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News-Reporting from the Field by Telegraph in Pre-World War II

By Nat Bodian

 

        The late 1930s, when I was active in newspaper reporting, was an era before the advent of the computer of fax.  The principle means of sending news stories to newspapers by field reporters was either by telephone or telegraph.

        Telephone stories usually were phoned in from a nearby telephone booth.  My first Page-One headline story in the Newark Ledger was telephoned in from a phone booth in Nutley.

        I had been covering the midget auto races at the Nutley Velodrome and the bankboard track had vertical wooden wire-bearing posts around the race track to keep the midget cars from going over the top of the track into the audience.

        A driver somehow got his head between two horizontal wires and was decapitated.  The car continued with the body while the helmeted head rolled down the track into the infield.

        I phoned the story in to Sid Dorfman and he wrote it. The Ledger headline read: "Nutley Driver Decapitated."  The event closed the track permanently and resulted in a ban of auto racing in Nutley.


Sending Stories by Telegraph

        Stories sent by telegraph utilized the services of two telegraph companies with offices in downtown Newark, Western Union and Postal Telegraph.

        For some sports events, we might arrange to have a telegraph operator on hand before the event began so that we could transmit our stories directly into the newspaper office.

        Reporters on field assignments might carry a portable typewriter with them and write the story on the spot as I did on occasion.

        Where reporting was done via telegraph, the reporter would hand his handwritten or typed copy to the telegraph operator who would send it, using a telegraph key and Morse code, to a receiving telegraph operator at the newspaper office.


Telegraph Use for Bears' Games

        I recall a unique coverage via Western Union of baseball involving the Newark Bears International League baseball team.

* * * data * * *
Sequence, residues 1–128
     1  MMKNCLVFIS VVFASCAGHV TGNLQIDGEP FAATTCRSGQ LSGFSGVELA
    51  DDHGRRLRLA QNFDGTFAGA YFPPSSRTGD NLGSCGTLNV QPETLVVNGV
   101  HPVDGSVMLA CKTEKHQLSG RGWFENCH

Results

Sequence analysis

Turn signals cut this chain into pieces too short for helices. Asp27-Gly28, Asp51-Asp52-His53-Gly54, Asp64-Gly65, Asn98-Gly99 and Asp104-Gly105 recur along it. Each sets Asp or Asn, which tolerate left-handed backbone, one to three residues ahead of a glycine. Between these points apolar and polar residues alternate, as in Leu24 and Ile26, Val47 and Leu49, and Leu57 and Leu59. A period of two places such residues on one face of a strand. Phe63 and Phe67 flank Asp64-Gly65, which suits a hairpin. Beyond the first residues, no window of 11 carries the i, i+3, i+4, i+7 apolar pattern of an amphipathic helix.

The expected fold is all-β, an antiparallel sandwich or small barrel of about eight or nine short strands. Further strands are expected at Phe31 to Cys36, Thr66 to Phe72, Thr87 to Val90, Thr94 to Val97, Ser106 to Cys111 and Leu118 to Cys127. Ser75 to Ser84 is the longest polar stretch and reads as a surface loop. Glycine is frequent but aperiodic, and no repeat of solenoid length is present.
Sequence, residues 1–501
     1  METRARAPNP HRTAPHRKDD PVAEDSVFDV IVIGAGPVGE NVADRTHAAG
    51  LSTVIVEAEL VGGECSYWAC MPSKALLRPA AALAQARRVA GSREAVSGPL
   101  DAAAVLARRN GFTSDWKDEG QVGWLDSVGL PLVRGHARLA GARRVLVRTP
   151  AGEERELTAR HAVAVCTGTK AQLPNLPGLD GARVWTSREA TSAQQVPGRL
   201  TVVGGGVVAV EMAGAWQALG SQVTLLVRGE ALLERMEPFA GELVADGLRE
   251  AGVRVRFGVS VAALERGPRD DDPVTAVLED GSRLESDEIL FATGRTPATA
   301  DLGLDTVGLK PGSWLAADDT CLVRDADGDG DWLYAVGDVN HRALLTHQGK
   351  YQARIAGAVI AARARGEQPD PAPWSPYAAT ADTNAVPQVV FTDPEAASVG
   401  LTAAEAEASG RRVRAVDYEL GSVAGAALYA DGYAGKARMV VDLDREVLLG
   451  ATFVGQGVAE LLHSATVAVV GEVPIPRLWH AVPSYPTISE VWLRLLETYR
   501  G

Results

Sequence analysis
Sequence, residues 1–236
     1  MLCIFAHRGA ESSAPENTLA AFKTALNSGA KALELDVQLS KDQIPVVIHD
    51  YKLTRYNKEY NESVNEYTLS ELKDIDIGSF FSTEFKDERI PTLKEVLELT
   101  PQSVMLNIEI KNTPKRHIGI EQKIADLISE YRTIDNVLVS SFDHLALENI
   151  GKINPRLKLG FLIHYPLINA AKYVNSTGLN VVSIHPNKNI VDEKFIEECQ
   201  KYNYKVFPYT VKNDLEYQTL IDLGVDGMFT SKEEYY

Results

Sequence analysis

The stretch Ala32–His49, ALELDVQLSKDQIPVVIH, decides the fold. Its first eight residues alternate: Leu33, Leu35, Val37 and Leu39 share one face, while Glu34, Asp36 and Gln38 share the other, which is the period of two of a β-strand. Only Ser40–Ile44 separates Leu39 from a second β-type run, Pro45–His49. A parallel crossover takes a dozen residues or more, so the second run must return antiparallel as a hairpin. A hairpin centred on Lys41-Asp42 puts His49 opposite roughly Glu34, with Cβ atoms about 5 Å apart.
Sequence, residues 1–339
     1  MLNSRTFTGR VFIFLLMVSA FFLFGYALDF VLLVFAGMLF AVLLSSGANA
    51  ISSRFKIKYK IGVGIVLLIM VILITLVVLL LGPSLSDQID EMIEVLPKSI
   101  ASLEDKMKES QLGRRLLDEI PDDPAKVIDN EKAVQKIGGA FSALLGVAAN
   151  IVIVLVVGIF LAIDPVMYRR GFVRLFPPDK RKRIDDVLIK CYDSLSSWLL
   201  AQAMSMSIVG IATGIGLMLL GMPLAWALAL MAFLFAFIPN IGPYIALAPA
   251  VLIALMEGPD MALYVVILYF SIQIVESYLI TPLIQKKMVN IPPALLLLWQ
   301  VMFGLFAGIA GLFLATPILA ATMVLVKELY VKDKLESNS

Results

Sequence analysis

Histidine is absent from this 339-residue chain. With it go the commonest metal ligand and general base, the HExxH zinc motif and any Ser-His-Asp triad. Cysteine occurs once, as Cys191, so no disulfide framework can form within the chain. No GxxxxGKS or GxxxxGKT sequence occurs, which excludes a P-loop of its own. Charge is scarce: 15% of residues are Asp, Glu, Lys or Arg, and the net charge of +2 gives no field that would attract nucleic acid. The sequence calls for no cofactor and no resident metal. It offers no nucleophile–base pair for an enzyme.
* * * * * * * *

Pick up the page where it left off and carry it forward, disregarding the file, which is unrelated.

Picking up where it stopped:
My friend, Ed Weinstein, a telegrapher for Western Union, was so adept at both telegraphy and baseball, that, in the era of the Newark Bears baseball team in Newark, he would attend the Newark Bears out-of-town baseball games and telegraph the plays by Morse Code back to the Newark WNEW studio, where they would be handed to the Bears announcer, Earl Harper, who would read and enhance them as though he were actually present at the game.


Widest Press Use of Telegraph Operators

        My recollection of the widest use of Western Union telegraph operators was the night following the 1940 Presidential election, where I covered the Essex County returns for International News Service (INS) from the Essex County Courthouse/Hall of Records.

        All Essex County returns funneled into the press quarters set up for the occasion adjacent to the returns center in the Hall of Records building.

        For the more than a dozen reporters there, each was given a table with typewriter and had an assigned Western Union telegraph operator linking him directly to an operator at his newspaper.

        I was linked through my operator directly into INS in New York City, as INS did not have an office in the Newark area.  In bits and pieces, I handed my Western Union operator small bulletin dispatches, stretched over a 12-hour period, that Western Union billed to INS as 1,673 words.

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Who Won?

        INS had considered the Essex County vote as an important trend indicator, but, although the heavily suburban Republican vote gave the county to Wendell Willke, Franklin Roosevelt was winner of an unprecedented third term by a landslide.


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